Describing herself once as "a kind of twisted social documentary photographer," Catherine Opie (born 1961) probes questions of how identity is perceived and shaped. Opie first gained international renown in the 1990s for her intimate portraits of close friends in the Los Angeles lesbian, gay, bisexual, transgendered and transvestite community, challenging perceptions of male and female identity.
Opie then turned her lens to herself in a series of powerful self-portraits far removed from the self-flattery usually associated with self-reflection. And she expanded her exploration of identity to include architecture and freeways, the distinctive visual elements that shape the individuality of various cities across the United States - gated homes and strip centers (Los Angeles), ice houses (Minneapolis), steel mills (Pittsburgh) - creating photographs of exquisite formal beauty in which a human presence is emphatically implied, though physically absent.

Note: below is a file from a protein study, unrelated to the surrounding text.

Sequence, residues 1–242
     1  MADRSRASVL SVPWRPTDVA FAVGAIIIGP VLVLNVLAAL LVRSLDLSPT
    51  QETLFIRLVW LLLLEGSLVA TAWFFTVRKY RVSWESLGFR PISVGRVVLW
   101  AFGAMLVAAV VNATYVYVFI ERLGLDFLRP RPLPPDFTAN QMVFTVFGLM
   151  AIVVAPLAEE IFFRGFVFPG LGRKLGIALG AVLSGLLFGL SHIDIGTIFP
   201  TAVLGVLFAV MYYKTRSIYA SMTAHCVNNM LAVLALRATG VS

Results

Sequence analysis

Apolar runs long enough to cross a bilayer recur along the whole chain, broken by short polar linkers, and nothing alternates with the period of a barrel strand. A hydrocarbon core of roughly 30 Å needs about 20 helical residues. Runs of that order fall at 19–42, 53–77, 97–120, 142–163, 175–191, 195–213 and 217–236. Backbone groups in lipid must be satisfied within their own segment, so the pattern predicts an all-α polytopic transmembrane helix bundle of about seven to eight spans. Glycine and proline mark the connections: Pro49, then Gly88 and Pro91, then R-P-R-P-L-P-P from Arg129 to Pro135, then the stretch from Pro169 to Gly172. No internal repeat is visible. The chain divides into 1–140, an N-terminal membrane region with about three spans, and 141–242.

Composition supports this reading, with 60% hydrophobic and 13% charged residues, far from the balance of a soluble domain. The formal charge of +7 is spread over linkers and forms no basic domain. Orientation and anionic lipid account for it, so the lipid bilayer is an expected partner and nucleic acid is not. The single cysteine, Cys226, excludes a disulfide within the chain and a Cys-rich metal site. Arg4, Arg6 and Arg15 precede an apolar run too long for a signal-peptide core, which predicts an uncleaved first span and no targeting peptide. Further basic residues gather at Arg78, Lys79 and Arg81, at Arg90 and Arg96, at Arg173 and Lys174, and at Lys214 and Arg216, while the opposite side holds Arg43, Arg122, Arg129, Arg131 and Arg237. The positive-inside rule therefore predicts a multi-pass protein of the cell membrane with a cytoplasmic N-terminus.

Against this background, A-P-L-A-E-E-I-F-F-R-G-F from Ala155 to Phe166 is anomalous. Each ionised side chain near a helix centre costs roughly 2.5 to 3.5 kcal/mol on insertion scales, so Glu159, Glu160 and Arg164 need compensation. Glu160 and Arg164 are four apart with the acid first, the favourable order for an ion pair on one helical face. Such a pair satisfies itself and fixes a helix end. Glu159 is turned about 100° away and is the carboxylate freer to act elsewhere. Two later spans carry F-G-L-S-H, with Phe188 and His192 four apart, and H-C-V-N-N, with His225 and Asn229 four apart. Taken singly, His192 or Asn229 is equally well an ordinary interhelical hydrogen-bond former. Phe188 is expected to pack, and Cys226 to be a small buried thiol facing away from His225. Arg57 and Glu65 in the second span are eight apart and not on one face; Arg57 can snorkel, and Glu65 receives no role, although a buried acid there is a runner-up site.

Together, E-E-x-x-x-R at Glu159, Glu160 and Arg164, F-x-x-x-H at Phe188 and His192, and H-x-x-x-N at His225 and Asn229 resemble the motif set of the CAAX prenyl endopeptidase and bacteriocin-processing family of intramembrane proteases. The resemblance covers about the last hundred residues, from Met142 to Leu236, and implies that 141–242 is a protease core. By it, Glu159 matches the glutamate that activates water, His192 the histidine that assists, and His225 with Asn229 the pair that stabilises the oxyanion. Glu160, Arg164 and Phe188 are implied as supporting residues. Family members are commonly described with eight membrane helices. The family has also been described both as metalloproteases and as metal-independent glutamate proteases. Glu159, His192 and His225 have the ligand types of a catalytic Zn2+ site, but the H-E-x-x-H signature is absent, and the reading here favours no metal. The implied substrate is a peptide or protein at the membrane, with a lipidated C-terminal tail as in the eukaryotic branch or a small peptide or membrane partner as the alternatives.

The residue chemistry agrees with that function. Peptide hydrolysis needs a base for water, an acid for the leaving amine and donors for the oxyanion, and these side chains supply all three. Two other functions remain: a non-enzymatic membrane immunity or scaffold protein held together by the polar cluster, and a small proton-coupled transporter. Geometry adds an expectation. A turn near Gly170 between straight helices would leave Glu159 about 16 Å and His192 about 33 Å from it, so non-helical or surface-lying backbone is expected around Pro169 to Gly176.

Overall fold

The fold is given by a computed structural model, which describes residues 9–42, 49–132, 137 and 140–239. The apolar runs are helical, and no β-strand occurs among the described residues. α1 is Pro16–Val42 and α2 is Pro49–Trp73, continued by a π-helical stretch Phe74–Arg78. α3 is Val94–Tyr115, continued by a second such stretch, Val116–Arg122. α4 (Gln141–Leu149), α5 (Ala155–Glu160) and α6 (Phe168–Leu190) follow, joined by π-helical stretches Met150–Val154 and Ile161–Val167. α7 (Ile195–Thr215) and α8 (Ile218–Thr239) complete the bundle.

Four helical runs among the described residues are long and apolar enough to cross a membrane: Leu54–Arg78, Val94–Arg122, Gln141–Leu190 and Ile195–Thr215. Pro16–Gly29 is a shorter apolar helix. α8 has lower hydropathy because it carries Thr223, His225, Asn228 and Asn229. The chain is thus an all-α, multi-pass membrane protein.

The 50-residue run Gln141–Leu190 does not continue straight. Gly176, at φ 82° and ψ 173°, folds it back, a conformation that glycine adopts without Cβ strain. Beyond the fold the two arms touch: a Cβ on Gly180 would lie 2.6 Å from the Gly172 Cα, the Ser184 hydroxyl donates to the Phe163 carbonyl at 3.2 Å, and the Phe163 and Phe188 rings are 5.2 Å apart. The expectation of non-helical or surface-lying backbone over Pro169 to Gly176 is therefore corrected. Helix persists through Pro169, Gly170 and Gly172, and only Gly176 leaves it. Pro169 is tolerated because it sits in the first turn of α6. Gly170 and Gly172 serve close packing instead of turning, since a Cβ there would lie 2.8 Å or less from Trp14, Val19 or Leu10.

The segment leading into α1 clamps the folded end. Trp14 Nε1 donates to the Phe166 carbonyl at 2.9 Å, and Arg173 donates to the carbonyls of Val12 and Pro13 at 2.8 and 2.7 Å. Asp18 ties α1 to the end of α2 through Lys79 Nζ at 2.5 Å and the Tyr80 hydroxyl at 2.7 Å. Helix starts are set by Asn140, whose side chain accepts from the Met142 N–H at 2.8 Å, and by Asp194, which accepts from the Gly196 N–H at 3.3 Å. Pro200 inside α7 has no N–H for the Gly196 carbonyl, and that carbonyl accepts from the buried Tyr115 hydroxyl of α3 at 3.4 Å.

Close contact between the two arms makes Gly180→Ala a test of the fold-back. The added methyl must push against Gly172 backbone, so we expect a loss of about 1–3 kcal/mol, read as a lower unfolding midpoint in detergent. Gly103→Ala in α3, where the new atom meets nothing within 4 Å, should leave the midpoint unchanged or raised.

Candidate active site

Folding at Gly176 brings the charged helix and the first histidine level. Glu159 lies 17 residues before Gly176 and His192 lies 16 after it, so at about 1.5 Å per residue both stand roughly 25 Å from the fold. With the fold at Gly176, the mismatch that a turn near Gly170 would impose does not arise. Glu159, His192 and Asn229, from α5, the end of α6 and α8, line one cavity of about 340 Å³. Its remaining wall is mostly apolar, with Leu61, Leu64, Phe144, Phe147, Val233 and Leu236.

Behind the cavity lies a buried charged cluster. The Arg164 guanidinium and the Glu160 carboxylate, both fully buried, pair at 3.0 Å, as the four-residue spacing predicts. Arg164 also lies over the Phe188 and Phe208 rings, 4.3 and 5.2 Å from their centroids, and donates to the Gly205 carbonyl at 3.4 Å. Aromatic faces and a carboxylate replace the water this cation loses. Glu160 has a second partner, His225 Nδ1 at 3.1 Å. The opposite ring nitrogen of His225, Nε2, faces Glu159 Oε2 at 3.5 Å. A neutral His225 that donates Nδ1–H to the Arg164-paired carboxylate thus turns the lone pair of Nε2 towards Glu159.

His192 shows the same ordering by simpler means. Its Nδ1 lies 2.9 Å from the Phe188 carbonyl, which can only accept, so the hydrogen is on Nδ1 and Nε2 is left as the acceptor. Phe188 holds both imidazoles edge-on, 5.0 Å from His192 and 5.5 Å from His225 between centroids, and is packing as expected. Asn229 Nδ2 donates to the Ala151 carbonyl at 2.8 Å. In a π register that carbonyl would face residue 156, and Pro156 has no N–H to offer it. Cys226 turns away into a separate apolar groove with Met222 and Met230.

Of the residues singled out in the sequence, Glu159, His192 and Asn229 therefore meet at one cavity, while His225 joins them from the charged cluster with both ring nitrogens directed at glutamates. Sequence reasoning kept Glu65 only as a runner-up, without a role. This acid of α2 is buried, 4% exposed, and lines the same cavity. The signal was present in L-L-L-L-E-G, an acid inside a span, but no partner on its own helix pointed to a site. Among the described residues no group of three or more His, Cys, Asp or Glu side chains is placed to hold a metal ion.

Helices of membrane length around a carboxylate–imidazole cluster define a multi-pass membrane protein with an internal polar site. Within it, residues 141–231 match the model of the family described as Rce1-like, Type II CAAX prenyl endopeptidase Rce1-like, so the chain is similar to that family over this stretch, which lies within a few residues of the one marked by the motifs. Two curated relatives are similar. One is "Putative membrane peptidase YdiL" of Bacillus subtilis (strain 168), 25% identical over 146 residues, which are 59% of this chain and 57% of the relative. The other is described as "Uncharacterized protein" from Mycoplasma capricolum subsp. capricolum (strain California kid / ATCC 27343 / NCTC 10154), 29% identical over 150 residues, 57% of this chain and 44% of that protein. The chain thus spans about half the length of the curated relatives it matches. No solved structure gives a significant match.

This exhibition presents selections from her recent series, In and Around Home, that raises questions of global identity through the microcosm of Opie's son and partner at home and of their neighbors in their multi-cultural Los Angeles neighborhood.
Her 2008 monograph, Catherine Opie: American Photographer, was published in conjunction with her Guggenheim Museum retrospective.